The U.S. Women travel from Rio de Janeiro to Miao Li, Chinese Taipei, the following weekend for Pool D action. Team USA plays NORCECA rival Dominican Republic on Aug. 7, Netherlands on Aug. 8 and Germany on Aug. 9.
The Americans conclude the preliminary action in Pool I Aug. 14-16 at Bangkok, Thailand. The U.S. Women face Russia on Aug. 14, Puerto Rico on Aug. 15 and host Thailand on Aug. 16.
“The travel is extensive in the World Grand Prix, but I think we have some strategies for that,” McCutcheon said. “We will be playing some good teams and it will be good to see how our players compete under these trying circumstances.”
During the trip, McCutcheon will be assisted by Karch Kiraly (San Clemente, Calif.) as assistant coach and Jamie Morrison (Dana Point, Calif.) as technical coordinator/team leader. Beth Launiere (Salt Lake City, Utah), the head women’s coach at University of Utah, will serve as an assistant coach for the first two preliminary weekends. John Speraw (Irvine, Calif.), the head men’s coach at UC Irvine and former assistant coach for the U.S. Men’s National Team that won the 2008 Olympic Games gold medal, will serve as an assistant coach in the third weekend and the Final Round should Team USA advance.
The U.S. Women’s National Team qualified for the 2009 FIVB World Grand Prix through the 2008 Pan American Cup in which the Americans were the third highest placing team from NORCECA.
U.S. Women’s National Team Preliminary Roster FIVB World Grand Prix
# - Name (Pos, Ht, Hometown, College)
1 – Nicole Fawcett (OH, 6-4, Zanesfield, Ohio, Penn State)
2 – Elisha Thomas (MB, 6-3, Grass Valley, Calif., Long Beach State)
3 – Lauren Paolini (MB, 6-4, Ann Arbor, Mich., Texas)
4 – Angela McGinnis (S, 5-11, Fraser, Mich., Florida)
5 – Stacy Sykora (L, 5-10, Burleson, Texas, Texas A&M)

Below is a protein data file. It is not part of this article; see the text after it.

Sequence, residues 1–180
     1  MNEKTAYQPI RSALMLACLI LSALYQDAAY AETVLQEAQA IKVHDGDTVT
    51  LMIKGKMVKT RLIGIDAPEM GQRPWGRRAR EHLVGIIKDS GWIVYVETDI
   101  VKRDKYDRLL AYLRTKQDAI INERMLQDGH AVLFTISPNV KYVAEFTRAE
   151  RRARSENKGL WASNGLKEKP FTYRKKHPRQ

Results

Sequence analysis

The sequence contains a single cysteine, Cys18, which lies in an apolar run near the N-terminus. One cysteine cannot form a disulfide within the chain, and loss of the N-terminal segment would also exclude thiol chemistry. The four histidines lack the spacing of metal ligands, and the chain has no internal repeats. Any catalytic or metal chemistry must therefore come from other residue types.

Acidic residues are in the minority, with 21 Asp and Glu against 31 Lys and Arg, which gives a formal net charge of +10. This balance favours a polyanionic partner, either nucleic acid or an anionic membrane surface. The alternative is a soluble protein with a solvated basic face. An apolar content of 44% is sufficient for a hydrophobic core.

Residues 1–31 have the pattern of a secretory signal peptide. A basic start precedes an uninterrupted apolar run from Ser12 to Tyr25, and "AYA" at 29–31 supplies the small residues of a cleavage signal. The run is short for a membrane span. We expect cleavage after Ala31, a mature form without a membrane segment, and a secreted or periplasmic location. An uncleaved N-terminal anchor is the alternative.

6 – Nicole Davis (L, 5-6, Stockton, Calif., Southern California)
7 – Angie Pressey (OH, 5-8, Lake Mary, Fla., California-Berkeley)
8 - Cynthia Barboza (OH, 6-0, Long Beach, Calif., Stanford)
9 – Alexis Crimes (MB, 6-3, Rancho Cucamonga, Calif., Long Beach State)
10 - Kristin Richards (OH, 6-1, Orem, Utah, Stanford)
11 - Jordan Larson (OH, 6-2, Hooper, Neb., Nebraska)
12 - Nancy Metcalf (OPP, 6-1, Hull, Iowa, Nebraska)
13 - Tracy Stalls (MB, 6-4, Denver, Colo., Nebraska)
14 - Heather Hughes (OPP, 6-2, Fallbrook, Calif., Loyola Marymount)
15 - Courtney Thompson (S, 5-7, Kent, Wash., Washington)
16 - Christa Harmotto (MB, 6-2, Aliquippa, Pa., Penn State)
17 - Nellie Spicer (S, 5-9, Barrington, Ill., UCLA)
18 – Foluke Akinradewo (MB, 6-3, Plantation, Fla., Stanford)
19 - Jane Collymore (OH, 5-11, Seattle, Wash., Florida)
Head Coach: Hugh McCutcheon (Christchurch, New Zealand)
Assistant Coach: Karch Kiraly (San Clemente, Calif.)
Assistant Coach: Beth Launiere (Salt Lake City, Utah) – at Brazil and Chinese Taipei
Assistant Coach: John Speraw (Irvine, Calif.) – at Thailand and Finals
Technical Coordinator/Team Leader: Jamie Morrison (Dana Point, Calif.)
Athletic Trainer: Jill Wosmek
2009 FIVB World Grand Prix Schedule for U.S. Women's National Team
Pool A - at Rio de Janeiro, Brazil (Maracanazihno Gym)
July 31: vs. Germany, 1 p.m.
Aug. 1: vs. Puerto Rico, 1 p.m.
Aug. 2: vs. Brazil, 10 a.m.
Pool D - at Li Miao, Chinese Taipei (Miao Li Country Gymnasium)
Aug. 7: vs. Dominican Republic, 2:30 p.m.
Aug. 8: vs. Netherlands, 2:30 p.m.
Aug. 9: vs. Germany, 4:30 p.m.
Pool I - at Bangkok, Thailand (Keelawes Gym)
Aug. 14: vs. Russia, 2 p.m.
Aug. 15: vs. Puerto Rico, 2 p.m.
Aug. 16: vs. Thailand, 4:30 p.m.